February 16, 2010
You want to know why Nolan Richardson hasn't found his way back into coaching college basketball despite all the success he had at Arkansas in the 90s? It's because of comments like the one you're about to read.
When CBS Sports' Mike Freeman asked the mastermind behind "40 minutes of Hell" why he's coaching the WNBA's Tulsa Shock while others have gotten a second chance in the college ranks, Richardson's response was blunt and tinged with bitterness.
"Black coaches, we're judged as a group and judged more harshly," Richardson explained. "White coaches are judged individually and usually more leniently."
Then he cited often overlooked black coaching pioneers like John McLendon and Clarence Gaines.
"No matter how well they did, the white power structure in college basketball mostly ignored them," Richardson said. "If McLendon had been white, he'd have been a star in the coaching world. If all the great coaches in basketball history like (Bob) Knight or (John) Wooden had been black, they'd be nobodies."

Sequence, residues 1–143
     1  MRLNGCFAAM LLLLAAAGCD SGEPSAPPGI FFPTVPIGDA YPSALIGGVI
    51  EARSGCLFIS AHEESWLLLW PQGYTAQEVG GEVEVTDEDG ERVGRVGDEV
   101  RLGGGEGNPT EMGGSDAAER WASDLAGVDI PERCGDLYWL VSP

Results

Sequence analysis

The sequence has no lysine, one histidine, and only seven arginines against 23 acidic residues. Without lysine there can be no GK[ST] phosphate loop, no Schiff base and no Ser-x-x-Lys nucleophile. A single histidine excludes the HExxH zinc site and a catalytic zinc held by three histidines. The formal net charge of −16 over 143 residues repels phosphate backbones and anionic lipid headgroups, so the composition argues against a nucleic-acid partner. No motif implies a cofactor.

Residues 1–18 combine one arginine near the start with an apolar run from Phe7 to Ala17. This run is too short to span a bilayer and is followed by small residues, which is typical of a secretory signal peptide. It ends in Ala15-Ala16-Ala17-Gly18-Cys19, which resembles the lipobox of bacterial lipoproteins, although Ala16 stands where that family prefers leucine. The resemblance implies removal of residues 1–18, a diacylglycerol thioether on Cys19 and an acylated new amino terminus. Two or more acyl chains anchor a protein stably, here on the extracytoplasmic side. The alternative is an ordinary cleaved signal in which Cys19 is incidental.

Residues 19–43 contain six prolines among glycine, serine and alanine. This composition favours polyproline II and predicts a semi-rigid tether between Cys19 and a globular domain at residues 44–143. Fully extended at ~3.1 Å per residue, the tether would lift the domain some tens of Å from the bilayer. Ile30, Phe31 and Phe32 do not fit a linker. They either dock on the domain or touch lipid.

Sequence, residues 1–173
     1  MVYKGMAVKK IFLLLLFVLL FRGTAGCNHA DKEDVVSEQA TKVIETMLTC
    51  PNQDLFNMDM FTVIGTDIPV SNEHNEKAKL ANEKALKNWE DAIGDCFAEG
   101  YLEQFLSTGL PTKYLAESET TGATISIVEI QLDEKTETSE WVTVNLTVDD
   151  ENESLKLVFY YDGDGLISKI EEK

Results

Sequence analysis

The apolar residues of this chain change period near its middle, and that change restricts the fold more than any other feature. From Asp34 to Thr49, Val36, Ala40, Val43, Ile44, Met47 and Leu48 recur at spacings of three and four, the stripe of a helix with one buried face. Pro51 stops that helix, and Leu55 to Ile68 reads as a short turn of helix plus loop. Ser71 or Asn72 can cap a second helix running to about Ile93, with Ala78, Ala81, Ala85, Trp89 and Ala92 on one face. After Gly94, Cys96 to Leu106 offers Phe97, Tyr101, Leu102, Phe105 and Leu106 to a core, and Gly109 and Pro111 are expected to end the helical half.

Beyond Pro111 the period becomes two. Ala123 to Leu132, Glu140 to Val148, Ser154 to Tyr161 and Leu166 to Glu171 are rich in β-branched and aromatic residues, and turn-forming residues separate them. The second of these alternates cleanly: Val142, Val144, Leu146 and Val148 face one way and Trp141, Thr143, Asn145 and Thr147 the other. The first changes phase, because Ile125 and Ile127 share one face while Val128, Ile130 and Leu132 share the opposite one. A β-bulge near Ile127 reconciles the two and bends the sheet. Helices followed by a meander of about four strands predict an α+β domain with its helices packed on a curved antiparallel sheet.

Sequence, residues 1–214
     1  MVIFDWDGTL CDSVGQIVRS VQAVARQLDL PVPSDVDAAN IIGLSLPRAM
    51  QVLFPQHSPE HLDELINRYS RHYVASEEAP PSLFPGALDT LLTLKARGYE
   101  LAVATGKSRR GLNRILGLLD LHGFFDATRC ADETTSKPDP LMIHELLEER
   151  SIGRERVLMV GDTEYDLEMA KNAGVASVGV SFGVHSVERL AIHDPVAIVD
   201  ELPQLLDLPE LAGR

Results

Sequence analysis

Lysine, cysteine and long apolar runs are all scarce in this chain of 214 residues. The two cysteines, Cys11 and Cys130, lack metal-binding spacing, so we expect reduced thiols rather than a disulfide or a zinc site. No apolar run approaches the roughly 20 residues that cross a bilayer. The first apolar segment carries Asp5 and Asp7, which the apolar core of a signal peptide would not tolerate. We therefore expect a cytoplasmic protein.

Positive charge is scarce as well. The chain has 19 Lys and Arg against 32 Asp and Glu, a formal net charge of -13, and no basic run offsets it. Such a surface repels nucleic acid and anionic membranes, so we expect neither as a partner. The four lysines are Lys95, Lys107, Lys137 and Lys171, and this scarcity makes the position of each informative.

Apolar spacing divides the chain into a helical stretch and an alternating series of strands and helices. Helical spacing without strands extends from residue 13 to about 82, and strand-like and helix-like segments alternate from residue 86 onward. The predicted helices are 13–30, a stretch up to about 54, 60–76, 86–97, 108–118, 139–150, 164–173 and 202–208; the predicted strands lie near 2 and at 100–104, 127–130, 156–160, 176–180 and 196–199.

Although Richardson certainly experienced the worst forms of bigotry as a kid barred from segregated El Paso swimming pools and movie theatres or as the first black player at Texas-Western, his frequent and haphazard charges of racism have nonetheless tarnished his coaching legacy. Arkansas cut Richardson loose in 2002 after he spoke out against fans and school officials for mistreating him because he's African-American, ultimately challenging athletic director Frank Boyles to fire him and buy out the rest of his contract.
I can't tell you whether the color of Richardson's skin has contributed to his exile. What I can tell you is that most of the coaches who have gotten second chances – both white and black – have two things in common that Richardson doesn't: contrition and humility.
Yes, there's Larry Eustachy and Bob Huggins, successful white coaches at Iowa State and Cincinnati who lost their jobs in the wake of national scandals only to resurface at Southern Mississippi and West Virginia respectively. But there's also African-American coaches who have reemerged like Morgan State's Todd Bozeman, fired at Cal in the mid-90s after committing major recruiting violations.
Should Richardson also get another chance at the Division I level? Based on his three Final Four appearances at Arkansas, the answer is an unequivocal yes.
But if you're an athletic director and your job is riding on hiring a coach who will win both on the basketball court and in the court of public opinion, then I can understand how the outspoken, anti-PC Richardson would not be the right choice.